Prof. Yasuo Yoshimi of the Department of Applied Chemistry, Shibaura Institute of Technology, with the cooperation of Prof. Tatsumi Nagahama (Teikyo Heisei University) and Mr. Takashi Inutsuka and his coworkers (Pharmacological Evaluation Institute of Japan), has developed imaging technology for visualizing neurotransmitter secretion in the living central nervous system. This new technology, which utilizes fluorescent polymer nanoparticle probes imprinted with the target neurotransmitter, will enable the unraveling of the mechanism of information processing in the brain as well as the development of therapies for cranial nerve diseases.
【Presentation】Annual Meeting of Society for Neuroscience (Neuroscience2018) https://www.sfn.org/Meetings/Neuroscience-2018
【Date】Nov. 3rd ~7th
【Venue】San Diego Convention Center, U.S.A.
It has been well-known since the middle of the 19th century that neurotransmitters (e.g., serotonin, dopamine, and glutamate) function as chemical messengers between neurons and play important roles in information processing in the brain. However, until now, no technology has been developed for detecting the secretion of neurotransmitters in living brain.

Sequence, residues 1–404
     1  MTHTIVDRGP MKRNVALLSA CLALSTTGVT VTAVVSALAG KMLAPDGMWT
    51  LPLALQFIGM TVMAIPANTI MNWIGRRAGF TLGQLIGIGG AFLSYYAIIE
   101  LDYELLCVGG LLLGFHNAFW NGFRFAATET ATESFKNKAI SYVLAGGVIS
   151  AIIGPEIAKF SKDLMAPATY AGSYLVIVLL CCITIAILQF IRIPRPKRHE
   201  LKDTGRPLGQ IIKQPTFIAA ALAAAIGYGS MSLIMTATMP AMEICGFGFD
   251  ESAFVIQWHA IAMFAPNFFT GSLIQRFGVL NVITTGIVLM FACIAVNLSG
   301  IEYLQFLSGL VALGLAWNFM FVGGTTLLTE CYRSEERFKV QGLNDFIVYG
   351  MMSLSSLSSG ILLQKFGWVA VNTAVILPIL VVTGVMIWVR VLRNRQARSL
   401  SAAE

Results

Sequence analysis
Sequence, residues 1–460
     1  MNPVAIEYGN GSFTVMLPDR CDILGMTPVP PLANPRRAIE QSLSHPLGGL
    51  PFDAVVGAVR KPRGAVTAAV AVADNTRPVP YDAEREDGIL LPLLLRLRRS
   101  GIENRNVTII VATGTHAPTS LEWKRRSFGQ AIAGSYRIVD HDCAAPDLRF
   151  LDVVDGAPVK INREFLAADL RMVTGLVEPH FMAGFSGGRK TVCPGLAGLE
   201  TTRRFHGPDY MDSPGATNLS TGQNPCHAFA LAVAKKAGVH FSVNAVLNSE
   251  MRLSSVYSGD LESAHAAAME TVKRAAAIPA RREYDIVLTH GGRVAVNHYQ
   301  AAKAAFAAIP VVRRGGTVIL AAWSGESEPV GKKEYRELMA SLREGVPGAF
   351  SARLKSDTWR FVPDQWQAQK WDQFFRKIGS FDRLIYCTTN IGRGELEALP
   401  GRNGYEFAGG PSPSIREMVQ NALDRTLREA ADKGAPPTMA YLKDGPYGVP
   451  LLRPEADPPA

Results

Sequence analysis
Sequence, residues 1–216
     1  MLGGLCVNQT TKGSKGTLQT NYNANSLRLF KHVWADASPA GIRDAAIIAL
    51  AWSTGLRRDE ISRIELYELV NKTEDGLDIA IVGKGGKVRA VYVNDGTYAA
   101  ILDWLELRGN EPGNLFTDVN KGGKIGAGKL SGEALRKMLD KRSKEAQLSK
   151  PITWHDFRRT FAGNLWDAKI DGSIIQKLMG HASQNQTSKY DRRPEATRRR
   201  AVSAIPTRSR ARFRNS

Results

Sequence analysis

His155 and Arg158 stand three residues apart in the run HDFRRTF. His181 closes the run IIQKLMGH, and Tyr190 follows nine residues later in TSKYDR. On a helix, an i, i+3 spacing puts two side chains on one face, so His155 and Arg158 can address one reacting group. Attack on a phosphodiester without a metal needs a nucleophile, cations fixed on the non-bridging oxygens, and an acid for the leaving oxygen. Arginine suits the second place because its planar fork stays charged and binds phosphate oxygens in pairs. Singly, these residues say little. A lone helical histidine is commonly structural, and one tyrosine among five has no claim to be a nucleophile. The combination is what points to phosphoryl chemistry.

Prof. Yoshimi’s laboratory synthesized fluorescent nanoparticles in which the molecular structure of serotonin was imprinted. The nanoparticles swell when they interact specifically with serotonin, resulting in enhanced fluorescence signals. By simple soaking, the nanoparticles can stain the brains of Aplysia slugs that live in reefs. Fluorescent image of the stained neurons was obtained by a microscope with a camera which has high resolutions of time and of fluorescent intensity. A remarkable increase in fluorescence intensity was observed when the serotonin was secreted at the specified spot. The increase in fluorescence intensity became more noticeable after administration of an antidepressant (monoamine oxidase inhibitor), as an inhibitor of the enzyme which removes the surplus serotonin in brain.
Prof. Yoshimi is planning to expand the repertoire of nanoparticles for detecting the secretion of other neurotransmitters (dopamine, acetylcholine, and GABA, etc.) to enable further studies on the mechanisms of brain functions, including learning and memory, and the development of new therapeutic technologies for cranial nerve diseases. This research will be presented at the Annual Meeting of the Society for Neuroscience (November 3 7, San Diego).